Format: Hardcover
Never mind the grammatically horrendous title, this is one entertaining book of essays on the subject of aging, most especially as it applies to women. Whether it would be as funny to either: a). men, or b). people too young to know what aging really feels like, is debatable, but I can only say I found it a very deep, thoughtful and quick read.

It's also one that kept me laughing, that is, when I didn't feel like crying. Ephron doesn't sugar-coat, though she does pour on the humor. She lets out her true feelings on the topic of aging, which feels an awful lot like grief in some of her essays. That would make sense, though, to mourn the passing of youth as you'd mourn just about anything you've had and lost.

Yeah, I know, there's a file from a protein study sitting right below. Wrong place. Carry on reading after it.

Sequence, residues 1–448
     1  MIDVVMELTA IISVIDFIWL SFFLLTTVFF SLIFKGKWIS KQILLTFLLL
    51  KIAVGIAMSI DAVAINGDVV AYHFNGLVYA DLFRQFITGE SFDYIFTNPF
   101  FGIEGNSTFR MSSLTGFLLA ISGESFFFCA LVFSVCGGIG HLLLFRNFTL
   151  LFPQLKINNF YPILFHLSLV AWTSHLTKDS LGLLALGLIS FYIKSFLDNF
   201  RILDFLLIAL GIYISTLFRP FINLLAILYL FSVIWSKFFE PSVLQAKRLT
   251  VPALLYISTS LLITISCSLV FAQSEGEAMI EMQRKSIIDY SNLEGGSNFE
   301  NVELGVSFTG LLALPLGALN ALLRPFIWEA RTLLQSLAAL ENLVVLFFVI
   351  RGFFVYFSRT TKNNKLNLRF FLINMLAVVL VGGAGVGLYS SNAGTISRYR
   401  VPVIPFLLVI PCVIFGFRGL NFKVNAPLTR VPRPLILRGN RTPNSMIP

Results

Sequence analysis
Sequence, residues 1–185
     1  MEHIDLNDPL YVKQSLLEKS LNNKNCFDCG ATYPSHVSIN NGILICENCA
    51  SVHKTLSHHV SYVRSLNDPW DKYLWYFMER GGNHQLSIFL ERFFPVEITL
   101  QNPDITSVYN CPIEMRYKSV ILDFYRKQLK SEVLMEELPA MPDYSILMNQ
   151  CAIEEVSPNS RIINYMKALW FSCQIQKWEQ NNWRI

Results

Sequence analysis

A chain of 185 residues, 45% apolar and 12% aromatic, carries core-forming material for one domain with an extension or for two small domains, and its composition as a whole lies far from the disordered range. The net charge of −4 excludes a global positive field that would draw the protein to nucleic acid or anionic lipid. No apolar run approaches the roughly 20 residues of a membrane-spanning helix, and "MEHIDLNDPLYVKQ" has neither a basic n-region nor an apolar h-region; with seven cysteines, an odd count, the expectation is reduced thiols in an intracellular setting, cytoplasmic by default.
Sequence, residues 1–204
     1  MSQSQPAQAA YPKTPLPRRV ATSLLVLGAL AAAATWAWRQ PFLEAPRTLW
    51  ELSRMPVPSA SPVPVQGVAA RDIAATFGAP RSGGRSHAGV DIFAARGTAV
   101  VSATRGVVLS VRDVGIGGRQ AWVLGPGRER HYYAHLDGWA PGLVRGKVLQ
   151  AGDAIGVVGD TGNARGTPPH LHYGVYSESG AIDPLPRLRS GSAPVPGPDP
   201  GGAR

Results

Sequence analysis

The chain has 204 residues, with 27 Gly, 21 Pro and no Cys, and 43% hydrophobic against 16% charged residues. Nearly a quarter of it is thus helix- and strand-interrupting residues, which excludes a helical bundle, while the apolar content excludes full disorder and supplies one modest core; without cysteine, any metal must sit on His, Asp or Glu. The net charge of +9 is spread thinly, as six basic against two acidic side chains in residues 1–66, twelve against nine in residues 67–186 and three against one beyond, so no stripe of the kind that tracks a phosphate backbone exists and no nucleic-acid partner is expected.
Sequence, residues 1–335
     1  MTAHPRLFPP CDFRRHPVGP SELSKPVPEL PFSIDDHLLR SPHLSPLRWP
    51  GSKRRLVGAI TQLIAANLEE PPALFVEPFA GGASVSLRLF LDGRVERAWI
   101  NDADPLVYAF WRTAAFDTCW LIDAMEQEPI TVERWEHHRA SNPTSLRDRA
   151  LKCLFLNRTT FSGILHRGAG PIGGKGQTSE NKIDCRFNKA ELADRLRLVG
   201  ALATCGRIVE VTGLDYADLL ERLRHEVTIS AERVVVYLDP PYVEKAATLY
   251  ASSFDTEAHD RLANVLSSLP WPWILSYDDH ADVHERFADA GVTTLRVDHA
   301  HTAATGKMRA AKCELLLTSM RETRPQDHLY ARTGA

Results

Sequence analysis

Though she couches things in humor, she's brutally honest. She's at her most poignant while speaking about the loss of her best friend, who died all too soon after discovering she had cancer. One day they were talking about the fickle and finite nature of life, and the next they were struggling to find a way to make sense of things, and to figure out how to say goodbye. Really wrenching stuff, but the uplift is Ephron's unfailing sense of humor. The optimism of that may be real or faked, but there's enough padding there that the reader can still come away with a feeling things aren't SO bad, about her neck or other, bigger things like death and dying.

This is partly a book about fighting the aging process, but not entirely. All the creams and surgical procedures are mentioned, and Ephron will tell you what she's done and what she hasn't, but that isn't the main point of the book. The point is aging isn't a walk in the park.